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Odallus: The Dark Call

Retro games have been making another resurgence in the gaming industry with indie studios creating games that if they released back in the 80s or early 90s would’ve been considered the greatest games of that era with games such as Bloodstained Curse of the Moon, Mighty Gunvolt Burst, Azure Striker Gunvolt, and Blossoms Tale coming out seeing the bar that was set and knocking it beyond any and all expectations. Now enters Digerati (of Bleed 1&2 fame) with two titles for the Nintendo Switch in the forms of Oniken: Unstoppable Edition and Odallus: The Dark Call from JoyMashers of which callbacks to the NES era with inspirations from Shatterhand are and Castlevania respectively.

Odallus stars Haggis, whom is a warrior with similar looks to Simon Belmont of Castlevania and Conan The Barbarian, and starts off with a cutscene recounting the tale of Odallus in style of Ninja Gaiden for the NES. You find out that your son is missing, and your village is engulfed in flames and so you must set off to meet your destiny.

The visual aesthetic of the game looks like it could’ve easily been on the NES with how good it looks. There’s a visual filter that gives the game a CRT like look to it that you have to see when you play it to understand why I see it looks like its playing on a CRT. The backgrounds look good with awesome coloring and parallax scrolling in some levels and the enemies are well designed and animated. Haggis’ character model looks like a Belmont with a cape which makes me thinkg of what Trevor Belmont should’ve looked like in the opening of Castlevania 3: Dracula’s Curse. Haggis moves smoothly with no hitches at all and is very responsive in whatever direction you want to move him in and when you jump you have full control over the direction of your jumps and your attacks, while initially slow, are responsive as well. You’re able to jump and grab ledges and maneuver around easily and eventually when you gain some upgrades you’ll be able to push giant boulders and more.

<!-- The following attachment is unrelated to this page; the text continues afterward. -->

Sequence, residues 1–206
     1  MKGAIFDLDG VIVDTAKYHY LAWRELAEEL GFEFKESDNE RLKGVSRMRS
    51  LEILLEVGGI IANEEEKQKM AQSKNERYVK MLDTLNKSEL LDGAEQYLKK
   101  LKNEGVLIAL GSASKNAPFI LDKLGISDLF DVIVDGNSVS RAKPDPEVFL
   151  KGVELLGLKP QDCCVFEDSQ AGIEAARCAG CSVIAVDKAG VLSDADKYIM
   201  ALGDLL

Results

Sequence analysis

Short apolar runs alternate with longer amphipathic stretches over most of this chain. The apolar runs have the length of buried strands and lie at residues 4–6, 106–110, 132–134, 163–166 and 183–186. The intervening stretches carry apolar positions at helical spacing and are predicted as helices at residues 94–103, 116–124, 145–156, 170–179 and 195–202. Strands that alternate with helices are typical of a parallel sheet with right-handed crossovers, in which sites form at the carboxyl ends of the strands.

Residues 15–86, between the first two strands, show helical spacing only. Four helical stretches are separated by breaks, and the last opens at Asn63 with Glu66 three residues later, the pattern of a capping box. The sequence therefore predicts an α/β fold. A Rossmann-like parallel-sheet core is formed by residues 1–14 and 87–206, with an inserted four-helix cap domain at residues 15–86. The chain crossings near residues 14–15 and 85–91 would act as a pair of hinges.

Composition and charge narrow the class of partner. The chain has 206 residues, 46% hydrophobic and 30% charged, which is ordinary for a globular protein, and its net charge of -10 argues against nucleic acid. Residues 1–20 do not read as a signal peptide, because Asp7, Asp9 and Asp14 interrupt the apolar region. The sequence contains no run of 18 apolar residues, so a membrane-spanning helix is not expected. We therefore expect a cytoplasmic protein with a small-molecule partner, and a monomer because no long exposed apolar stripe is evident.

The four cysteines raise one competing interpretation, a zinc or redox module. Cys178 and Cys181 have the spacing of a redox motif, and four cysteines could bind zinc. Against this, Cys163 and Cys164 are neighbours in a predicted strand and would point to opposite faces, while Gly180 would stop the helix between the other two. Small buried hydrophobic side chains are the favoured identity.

You have access at the beginning of the game to a standard sword and eventually you’ll gain some sub weapons such as an axe that has a boomerang effect similar to Castlevania’s Cross sub item, a Molotov vial similar to Holy Water, and a javelin which is thrown at an upward arc and then drops directly downwards and is able to destroy upper and lower blocks as well is powerful enough to destroy some enemies in one hit.

There’s also a mysterious merchant (foreshadowing) that sells you restorative health items, 1-Ups, and restocks of your subweapons as well as the option to speak to the merchant where he banters with you in a cryptic way and even mentions the famous line from Castlevania 2: Simon’s Quests’ “What a Terrible Night to Have a Curse” except he leaves out the curse part and says nevermind. Keep an eye on him.